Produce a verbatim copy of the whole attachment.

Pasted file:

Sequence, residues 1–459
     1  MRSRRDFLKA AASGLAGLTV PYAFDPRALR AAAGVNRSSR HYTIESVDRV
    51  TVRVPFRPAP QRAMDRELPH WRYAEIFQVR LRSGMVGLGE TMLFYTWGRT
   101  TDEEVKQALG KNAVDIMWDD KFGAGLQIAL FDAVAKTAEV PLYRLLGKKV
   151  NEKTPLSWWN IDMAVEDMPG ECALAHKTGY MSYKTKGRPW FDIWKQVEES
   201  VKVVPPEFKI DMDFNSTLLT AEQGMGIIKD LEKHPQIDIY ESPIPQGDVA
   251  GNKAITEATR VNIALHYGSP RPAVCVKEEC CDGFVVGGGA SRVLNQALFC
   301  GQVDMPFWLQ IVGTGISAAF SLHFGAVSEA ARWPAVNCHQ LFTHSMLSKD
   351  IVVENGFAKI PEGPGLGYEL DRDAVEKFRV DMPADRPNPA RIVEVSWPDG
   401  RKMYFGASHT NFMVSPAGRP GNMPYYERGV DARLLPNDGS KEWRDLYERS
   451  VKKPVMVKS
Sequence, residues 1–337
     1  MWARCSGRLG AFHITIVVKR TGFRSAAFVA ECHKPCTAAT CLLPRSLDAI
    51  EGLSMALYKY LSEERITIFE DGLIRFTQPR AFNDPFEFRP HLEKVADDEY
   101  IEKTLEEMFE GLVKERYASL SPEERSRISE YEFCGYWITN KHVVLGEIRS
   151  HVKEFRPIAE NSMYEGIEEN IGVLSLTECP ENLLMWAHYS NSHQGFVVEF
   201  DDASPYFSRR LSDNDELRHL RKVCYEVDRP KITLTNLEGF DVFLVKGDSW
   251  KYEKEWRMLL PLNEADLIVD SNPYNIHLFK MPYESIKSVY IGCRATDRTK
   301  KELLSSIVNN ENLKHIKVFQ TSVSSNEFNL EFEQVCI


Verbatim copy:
Sequence, residues 1–459
     1  MRSRRDFLKA AASGLAGLTV PYAFDPRALR AAAGVNRSSR HYTIESVDRV
    51  TVRVPFRPAP QRAMDRELPH WRYAEIFQVR LRSGMVGLGE TMLFYTWGRT
   101  TDEEVKQALG KNAVDIMWDD KFGAGLQIAL FDAVAKTAEV PLYRLLGKKV
   151  NEKTPLSWWN IDMAVEDMPG ECALAHKTGY MSYKTKGRPW FDIWKQVEES
   201  VKVVPPEFKI DMDFNSTLLT AEQGMGIIKD LEKHPQIDIY ESPIPQGDVA
   251  GNKAITEATR VNIALHYGSP RPAVCVKEEC CDGFVVGGGA SRVLNQALFC
   301  GQVDMPFWLQ IVGTGISAAF SLHFGAVSEA ARWPAVNCHQ LFTHSMLSKD
   351  IVVENGFAKI PEGPGLGYEL DRDAVEKFRV DMPADRPNPA RIVEVSWPDG
   401  RKMYFGASHT NFMVSPAGRP GNMPYYERGV DARLLPNDGS KEWRDLYERS
   451  VKKPVMVKS
Sequence, residues 1–337
     1  MWARCSGRLG AFHITIVVKR TGFRSAAFVA ECHKPCTAAT CLLPRSLDAI
    51  EGLSMALYKY LSEERITIFE DGLIRFTQPR AFNDPFEFRP HLEKVADDEY
   101  IEKTLEEMFE GLVKERYASL SPEERSRISE YEFCGYWITN KHVVLGEIRS
   151  HVKEFRPIAE NSMYEGIEEN IGVLSLTECP ENLLMWAHYS NSHQGFVVEF
   201  DDASPYFSRR LSDNDELRHL RKVCYEVDRP KITLTNLEGF DVFLVKGDSW
   251  KYEKEWRMLL PLNEADLIVD SNPYNIHLFK MPYESIKSVY IGCRATDRTK
   301  KELLSSIVNN ENLKHIKVFQ TSVSSNEFNL EFEQVCI